Comment | Facebook Live Stream | by Allan Wilkinson
When the world is in virtual lockdown, with a deadly virus on the rampage and everyone is doing their very best to contain it, strange things begin to happen all around us. Festivals, concerts and gigs are forced into a Plan B situation where a Plan B doesn’t actually exist. Dates are cancelled or postponed wholesale and many artists, just like the rest of us, endeavour to make things appear as normal as possible, an almost impossible task under the circumstances. Tonight, the noted British singer, songwriter and guitarist Richard Thompson invited an unprecedented number of fans into his home in New Jersey, via their various devices, where from his sofa, the musician delivered an intimate acoustic concert.
The former Fairport Convention guitarist, dressed in a black leather jacket and trademark beret, awkwardly reached for his guitar, then awkwardly reached out to his audience, an audience he could neither see nor hear. “I can’t see you, I can’t hear you, but I feel your warmth” he began. “Oh no I’m mistaken, that’s my electrically heated underwear” the singer quipped. From this side of the screen however, as the 12,000 or so fans watched the continual scrolling of messages whizz by, there was a definite feel of community, love and empathy throughout the world.
Advertised under the heading ‘Richard Thompson Facebook Live Concert’ with the sub-heading ‘for parents and grandparents who are staying home’, the hour-long set featured a dozen songs including a couple of brand new ones “If I Could Live My Life Again” and “Soon As You Hear the Bell”, a few regulars from his recent live repertoire, “I Misunderstood” and “Oh Cinderella” and a handful of familiar classics, “Now Be Thankful”, “Down Where the Drunkards Roll” and the song often referred to as his ‘hit’, “a happy go lucky song”, “I Want To See The Bright Lights Tonight”.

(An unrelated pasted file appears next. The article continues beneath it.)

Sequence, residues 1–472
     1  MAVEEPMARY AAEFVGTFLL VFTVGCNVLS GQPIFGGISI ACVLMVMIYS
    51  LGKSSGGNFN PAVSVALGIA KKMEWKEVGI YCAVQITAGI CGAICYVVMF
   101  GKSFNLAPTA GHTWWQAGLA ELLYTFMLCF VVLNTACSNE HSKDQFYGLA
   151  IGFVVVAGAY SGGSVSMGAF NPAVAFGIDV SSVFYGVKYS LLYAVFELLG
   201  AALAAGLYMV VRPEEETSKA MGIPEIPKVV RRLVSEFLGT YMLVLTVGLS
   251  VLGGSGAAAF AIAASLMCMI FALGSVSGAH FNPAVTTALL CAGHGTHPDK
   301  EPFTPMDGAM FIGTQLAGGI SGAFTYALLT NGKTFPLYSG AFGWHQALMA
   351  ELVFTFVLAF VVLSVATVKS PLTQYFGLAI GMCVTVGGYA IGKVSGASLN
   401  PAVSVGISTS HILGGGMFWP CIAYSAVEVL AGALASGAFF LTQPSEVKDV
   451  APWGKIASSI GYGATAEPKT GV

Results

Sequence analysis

For comic relief Richard momentarily considered a request to do the Cliff Richard hit “Congratulations”, whilst partner Zara Phillips suddenly ran a hoover under his feet midway through, giving us the unexpected opportunity to see the soles of our hero’s stocking feet as he dutifully lifted his legs. “What are you doing?” he shouted over the din, “…I’m doing a live broadcast here”. Zara, wearing a face mask, mob cap and gloves, joined Richard on the sofa, firstly to take his temperature, sticking a thermometer in his gob and then joining him on possibly the most requested and predictable song of the set, “Keep Your Distance” from his 1991 album Rumor and Sigh. Zara stuck around for the remainder of the set, which included “The Rattle Within”, “Never Could Resist a Winding Road”, “Jet Plane in a Rocking Chair” and concluding with “Bright Lights”.
Throughout the hour-long set, fans posted a continual stream of compliments, comments and song requests, reaching the 10,000 mark before the end of the set, curiously, the most oft repeated request was for Richard to move into a position where his audience could see his hands, presumably for all the hungry guitarists eagerly watching in order to fruitlessly imitate, whilst most were just happy to listen. “My head’s more important than my hands” the guitarist quipped, before talking a little about his forthcoming plans. “Who knows when my next gig will be”.
Between the songs, Richard demonstrated his characteristic wit and is generous with his memories, of going to see The Who on school nights and having to walk the fifteen miles home, of his early days with Fairport and even a brief nod towards his ex-wife Linda Thompson, “hunkered down in Los Angeles I believe, in fact we’re all hunkered down somewhere”, as well as little snippets from his extraordinary working life; “I’ve done about 5,000 gigs in my lifetime and I can’t remember any of them”, a statement which probably emphasises more than anything the extraordinary position he and so many of his peers and fellow musicians now find themselves in. Richard concluded with a plea for everyone to help their local musicians who are not in the fortunate position of being able to survive this crisis with no income to speak of.
“Well thank you all so much, see you soon, how do you switch this thing off?”